This Summer, Elizabeth Denham takes up her position as new Information Commissioner. She replaces Christopher Graham, taking responsibility for decisions surrounding the Freedom of Information Act, data protection and privacy and electronic communications regulations. So who is Elizabeth Denham, why has she been picked for the job and what might we expect her to focus on?
For the past six years Denham has been Information and Privacy Commissioner in the Canadian Province of British Columbia. Prior to this she was Canada’s Assistant Privacy Commissioner for three years. Outgoing Commissioner, Christopher Graham, welcomed her appointment saying; “Elizabeth is an experienced information rights practitioner, essential when the ICO is busier than ever and facing the challenges of the digital age.”
During her tenure in British Columbia, Denham was commended for not shying away from taking on big organisations and big issues. Her investigation into Facebook’s privacy practices highlighted concerns surrounding the over-sharing of personal information with third party app developers. Her work led to Facebook agreeing globally to add new privacy safeguards. Denham also worked with Google, resulting in changes to its Streetview service in Canada.
Denham’s report into the Triple Delete Scandal led to a Canadian government crackdown on triple deleting emails to eliminate all traces from documentary records. She recommended the installation of technology to prevent employees from permanently deleting emails, and legislation requiring the documentation of key government decisions. The investigation was prompted by the case of former British Columbian Government staffer accused of asking a colleague to delete emails about the Highway of Tears investigation into missing and murdered aboriginal women.
Denham has been applauded for challenging the Government; a Vancouver Sun columnist described her as “one of the most effective of all the independent watchdogs on government conduct.”
The soon-to-be UK Information Commissioner has also tackled hefty data breaches. She issued a damning report into negligence and incompetence when the Ministry of Education loaded confidential information on approximately 3.4 million British Columbians onto an unencrypted computer drive and then lost track of it. Denham has been a vocal critic of what she describes as “oral government.” She says the practice in local Government of taking decisions verbally leaves little or no record of government decision making and thereby undermines the freedom of information system. In addition to high profile cases Denham has also gained recognition for tackling issues such as social media and automatic number plate reading (ANPR) technology.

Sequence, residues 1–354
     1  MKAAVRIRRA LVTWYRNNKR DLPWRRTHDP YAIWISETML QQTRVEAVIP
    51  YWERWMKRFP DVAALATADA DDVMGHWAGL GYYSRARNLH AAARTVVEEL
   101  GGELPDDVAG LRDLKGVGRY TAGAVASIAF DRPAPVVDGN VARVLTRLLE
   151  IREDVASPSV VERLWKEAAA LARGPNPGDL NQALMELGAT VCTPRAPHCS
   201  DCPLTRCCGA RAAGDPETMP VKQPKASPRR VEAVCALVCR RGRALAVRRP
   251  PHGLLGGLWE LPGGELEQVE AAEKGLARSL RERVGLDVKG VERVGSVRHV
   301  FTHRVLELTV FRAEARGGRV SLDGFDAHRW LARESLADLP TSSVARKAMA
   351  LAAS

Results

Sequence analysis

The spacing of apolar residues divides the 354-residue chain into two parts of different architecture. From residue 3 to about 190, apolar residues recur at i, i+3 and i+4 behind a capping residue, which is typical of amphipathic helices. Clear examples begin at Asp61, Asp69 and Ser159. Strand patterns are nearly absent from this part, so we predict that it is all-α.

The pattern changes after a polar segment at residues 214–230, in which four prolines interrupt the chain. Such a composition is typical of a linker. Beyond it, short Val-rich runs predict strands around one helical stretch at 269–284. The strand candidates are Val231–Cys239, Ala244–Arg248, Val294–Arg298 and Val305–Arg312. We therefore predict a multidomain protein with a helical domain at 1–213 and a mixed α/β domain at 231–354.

Denham takes up her new role at a crucial time, with the new EU General Data Protection Regulation due to be implemented on 25th May 2018. Whether Britain remains in the EU or not after the June Referendum, she will be at the forefront of the biggest change to European data protection law for decades.
GDPR imposes specific requirements for Privacy by Design; an area Denham has shown considerable interest. Her co-authored report; Getting Accountability Right in a Privacy Management Programme, stresses the need for Privacy by Design before systems are built.
Denham will also be the first Information Commissioner to work under the proposed Investigatory Powers Bill – the so called Snooper’s Charter.
When she was announced as the Information Commissioner designate Denham said, “I believe the rapid pace of technological change we face will continue to accelerate and present challenges to information rights – we must ensure access to information while maintaining high standards of data protection,” She continued; “The Information Commissioner’s Office has a global reputation for practical, innovative and responsive regulation. I look forward to contributing to this work.”
For business, Denham’s appointment should focus minds on transparency. A doughty consumer advocate, her record suggests renewed scrutiny on decision-making, and how we both justify and formulate our compliance processes.
The information provided and the opinions expressed in this document represent the views of the Data Protection Network. They do not constitute legal advice and cannot be construed as offering comprehensive guidance on the EU General Data Protection Regulation (GDPR) or other statutory measures referred to.